Puerto Rico has some real advantages when it comes to biotechnology. The Island is the top pharmaceutical exporter in the nation and has numerous FDA-approved facilities.

As American dependence on China and India for medical supplies disrupts U.S. supply chains and threatens security, Puerto Rico should be a tempting place for manufacturers and researchers in the biotech space.

From the manufacturers point of view

Invest Puerto Rico has gathered a number of statistics that are intended to entice investment in biotech in Puerto Rico. The Island has the “6th highest concentration of scientists and engineers in the world ” and is #1 in the U.S.  “in concentration of pharma and medical device experts.” 75% of the top Class III medical device manufacturers are in Puerto Rico. 

“As a US territory, Puerto Rico offers federal IP protection, regulations, and currency same as the rest of the United States,” says Peter Ruiz of Invest Puerto Rico. “Everything made in Puerto Rico is ‘made in the USA’ by US citizens. ”

Puerto Rico also has real estate available in the form of appropriate buildings or of open space to build.

Finally, and not at all the least of the benefits, Puerto Rico has a population of experienced biotech workers as well as academic institutions capable to training in specialized skills. An educated, bilingual workforce and desirable lifestyle make it easy for corporations to feel confident that they will be able to fill jobs as needed.

From the workers’ point of view

This data may be misleading. Nearly half of the GDP of Puerto Rio is attributed to biotech like pharmaceuticals and medical device manufacturing. However, the GDP shows the monetary value of all that is produced in Puerto Rico. Since corporations use transfer payments to shift the aopoarent production to Puerto Rico, this gives an inaccurate picture of the local economy

The Brookings institution explains it like this: “First, official statistics substantially overstate production of goods and services on the island. The problem arises from section 936 of the U.S. tax code, which provided strong incentives for U.S. corporations to use transfer pricing to shift reported income to Puerto Rico. Profits earned in Puerto Rico are effectively exempt from U.S. taxation… [The use of ‘adjusted’ GDP estimates] cuts the level of Puerto Rican GDP by about 20 percent in 2003 and that of output growth by 0.7 percent a year since 1975. The tax distortion explains much of the growing gap between Puerto Rico’s measured production and national income, and the adjusted data highlight the sluggishness of recent economic performance.”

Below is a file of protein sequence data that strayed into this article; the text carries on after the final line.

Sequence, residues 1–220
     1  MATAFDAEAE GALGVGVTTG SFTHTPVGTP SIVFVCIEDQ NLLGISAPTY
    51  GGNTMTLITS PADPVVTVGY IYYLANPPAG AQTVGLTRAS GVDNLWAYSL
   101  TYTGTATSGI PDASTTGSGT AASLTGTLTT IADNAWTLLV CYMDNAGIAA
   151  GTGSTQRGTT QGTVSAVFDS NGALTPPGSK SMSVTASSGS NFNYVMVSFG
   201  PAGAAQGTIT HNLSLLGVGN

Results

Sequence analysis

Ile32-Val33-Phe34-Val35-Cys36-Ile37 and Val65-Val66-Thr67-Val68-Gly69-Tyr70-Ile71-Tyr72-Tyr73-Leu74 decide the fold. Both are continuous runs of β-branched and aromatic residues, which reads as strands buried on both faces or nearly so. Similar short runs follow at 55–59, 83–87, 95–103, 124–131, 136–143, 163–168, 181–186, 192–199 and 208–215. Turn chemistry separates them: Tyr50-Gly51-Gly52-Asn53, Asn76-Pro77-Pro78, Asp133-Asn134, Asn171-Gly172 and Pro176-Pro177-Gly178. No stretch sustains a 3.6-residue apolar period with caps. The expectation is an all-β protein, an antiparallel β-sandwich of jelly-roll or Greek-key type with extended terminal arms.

We’ve explained it in simpler terms.

Act 60, Section 936, and Puerto Rico

Basically, corporations can claim that they produce their goods in Puerto Rico, but the income the companies gain from those goods may not contribute to the income of people living in Puerto Rico.

The Nation points out that many of the jobs with the biotech companies are minimum wage jobs, often part time. The tax shenanigans may cause a situation in which bringing biotech companies into Puerto Rico does not actually benefit Puerto Rico.

At the same time, low labor force participation is certainly part of the reason that Puerto Rico’s average per capita income is so much lower than that of the states. Well-paying biotech jobs are advertised in online marketplaces for qualified candidates. At least one study found that the tax benefits have led directly to thousands of jobs with higher than average wages.

Would statehood change this?

Puerto Rico is indeed in a strong position to draw biotech investment. The educated, bilingual workforce is an important asset and the future looks bright.

But it’s necessary to make sure that the situation is a win-win for the investors and for Puerto Rico. That may not currently be the case.

Many states have low corporate tax rates; North Carolina’s is the lowest at 2.5%. Missouri and Oklahoma are both at 4%. Wyoming doesn’t charge any corporate income tax. Puerto Rico would, as a state, still be free to decide what kind of corporate tax breaks to offer companies.

It is Puerto Rico’s territorial status that allows individuals to pay no federal income tax on money they earn in Puerto Rico. Combined with the special breaks provided by the tax incentives for outside investors, Puerto Rico allows entrepreneurs to manipulate their incomes to pay the lowest possible tax rates.  Things would change if Puerto Rico were a state.

Without the (probably false) idea that Puerto Rico will only be attractive to investors if it has extreme tax incentives, a state of Puerto Rico would be able to make economic decisions for the good of the Island and its people. Without the uncertainty of territorial status to discourage investors, Puerto Rico might well be able to see the kind of economic development you would expect to see from the statistics listed at the beginning of this article — instead of the cruel poverty level we actually see in Puerto Rico.

Reach out to your congressional representative to encourage a lot for the Puerto Rico Status Act. Puerto Rico should not continue to be a colony.



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